• Courtesy photo

    A scene from "Turbo Kid."

  • Nixon



Ever had to fart so bad that you began to get worried? Not worried about the damage you might be doing to the storied veteran that is your gastrointestinal tract, but concern about the level of destruction your ass is about to unleash on your immediate surroundings? Like a legitimate fear that the burden you clench could possibly be an extinction-level event?


Whatever, I just ate some expired yogurt and I’ve got a lot on my mind. And one of those things is “Turbo Kid,” the latest in a string of ’80s-tinged movies that has just wriggled its way onto streaming services. It’s a bit like last year’s “Kung Fury,” only with a higher gore quotient, more pulse rays and an apocalyptic wasteland chock full of BMX-riding rovers.

Expanded from a 2014 five-minute short of the same title that was essentially just a kid finding a Mega Man blaster and nuking a few wasteland marauders into oblivion, “Turbo Kid” is a movie built on throwbacks. It reaches back to synth soundtracks that would be right at home in a Galaga arcade cabinet, to Saturday morning cartoons and fantasy movies with kids inheriting magical powers and saving the world.

While some entries into the burgeoning ’80s recreation genre feel like being punched in the face by a guy in aviator glasses and brass knuckles with “RADICAL” emblazoned across them, “Turbo Kid” manages to slow things down a bit and play out more like a fantastical children’s movie of yore. It’s astonishingly lighthearted, if you look past the swirl of intestinal damage and geysers of blood.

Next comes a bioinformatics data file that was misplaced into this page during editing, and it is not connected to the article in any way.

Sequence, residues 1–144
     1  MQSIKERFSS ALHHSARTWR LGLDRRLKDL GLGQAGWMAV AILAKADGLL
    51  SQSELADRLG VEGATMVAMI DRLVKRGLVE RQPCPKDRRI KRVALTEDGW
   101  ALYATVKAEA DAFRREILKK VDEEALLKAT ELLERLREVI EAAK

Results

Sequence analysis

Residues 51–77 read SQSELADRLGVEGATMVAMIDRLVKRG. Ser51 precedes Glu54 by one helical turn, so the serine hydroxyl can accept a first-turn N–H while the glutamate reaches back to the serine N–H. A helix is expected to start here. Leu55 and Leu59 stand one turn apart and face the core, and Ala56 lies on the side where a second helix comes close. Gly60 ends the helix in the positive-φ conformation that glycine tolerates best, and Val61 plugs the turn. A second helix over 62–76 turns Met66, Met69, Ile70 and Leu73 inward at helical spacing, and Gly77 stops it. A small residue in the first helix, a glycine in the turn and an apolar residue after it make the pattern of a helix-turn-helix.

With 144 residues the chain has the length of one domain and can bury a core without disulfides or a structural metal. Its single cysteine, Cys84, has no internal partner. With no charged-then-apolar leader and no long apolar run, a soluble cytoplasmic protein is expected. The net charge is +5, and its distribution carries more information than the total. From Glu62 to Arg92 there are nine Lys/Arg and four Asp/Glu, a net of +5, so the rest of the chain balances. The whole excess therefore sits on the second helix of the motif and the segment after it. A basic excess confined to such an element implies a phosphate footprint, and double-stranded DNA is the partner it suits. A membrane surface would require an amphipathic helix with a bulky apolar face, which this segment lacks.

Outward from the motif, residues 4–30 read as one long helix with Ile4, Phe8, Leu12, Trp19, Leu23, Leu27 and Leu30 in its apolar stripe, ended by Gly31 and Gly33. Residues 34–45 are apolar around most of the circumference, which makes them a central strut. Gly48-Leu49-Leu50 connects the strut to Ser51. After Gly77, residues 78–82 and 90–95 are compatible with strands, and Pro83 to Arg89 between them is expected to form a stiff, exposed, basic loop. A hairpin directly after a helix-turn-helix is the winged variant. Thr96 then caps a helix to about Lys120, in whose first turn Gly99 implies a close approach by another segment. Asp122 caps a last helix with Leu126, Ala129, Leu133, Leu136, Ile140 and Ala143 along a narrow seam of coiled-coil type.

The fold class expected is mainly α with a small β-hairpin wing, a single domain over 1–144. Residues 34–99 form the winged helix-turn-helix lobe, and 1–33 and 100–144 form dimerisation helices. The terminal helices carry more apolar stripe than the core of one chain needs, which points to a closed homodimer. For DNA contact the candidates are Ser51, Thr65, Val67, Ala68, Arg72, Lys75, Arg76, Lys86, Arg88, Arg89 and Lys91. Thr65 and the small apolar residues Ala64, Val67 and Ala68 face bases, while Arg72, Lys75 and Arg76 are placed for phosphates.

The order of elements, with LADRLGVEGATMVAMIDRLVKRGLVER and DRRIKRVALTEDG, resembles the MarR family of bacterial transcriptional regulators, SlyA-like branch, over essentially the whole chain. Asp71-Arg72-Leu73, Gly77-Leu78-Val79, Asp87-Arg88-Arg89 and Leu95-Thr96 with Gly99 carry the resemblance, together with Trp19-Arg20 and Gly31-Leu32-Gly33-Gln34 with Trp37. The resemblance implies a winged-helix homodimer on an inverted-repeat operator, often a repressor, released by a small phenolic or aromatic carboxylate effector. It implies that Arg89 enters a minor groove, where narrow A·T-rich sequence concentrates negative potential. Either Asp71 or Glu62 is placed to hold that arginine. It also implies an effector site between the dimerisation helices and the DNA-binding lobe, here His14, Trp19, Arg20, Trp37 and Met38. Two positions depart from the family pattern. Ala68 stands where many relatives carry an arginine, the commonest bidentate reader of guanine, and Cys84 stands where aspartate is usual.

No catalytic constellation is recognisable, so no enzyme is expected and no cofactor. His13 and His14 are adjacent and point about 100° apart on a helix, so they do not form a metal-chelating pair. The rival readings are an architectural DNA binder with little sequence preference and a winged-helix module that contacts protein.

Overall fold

You’re not going to recognize many faces in the movie, save perhaps for Michael Ironside, himself a sterling ’80s movie villain (and also the guy who said “They sucked his brains out!” in “Starship Troopers”). His character, Zeus, has devised a mechanical contraption to extract water from human bodies and uses his position of water-holding power to rule the wasteland with an iron fist.

But that’s really not all that important. He exists mostly to supply a steady stream of mindless flunkies for our hero, the phasor-blasting Turbo Kid, to mow down. I could see the script evolving from a few friends drinking too much and parsing out what it would actually be like if they stumbled upon a real, live laser cannon and a snowball effect of “what ifs” followed. “What if there was one extra-bad dude who wore a skull mask the whole time? And what if he had a buzzsaw launcher for a hand?”

Yes, “Turbo Kid” is rooted in nostalgia, but it has allowed itself to recreate an already idealized past into something more fun, more gory and completely silly. I often wonder what exactly sparked this whole neon ’80s retro revival and how long it will last, but for now, “Turbo Kid” is one of the more qualities pieces to come from it.

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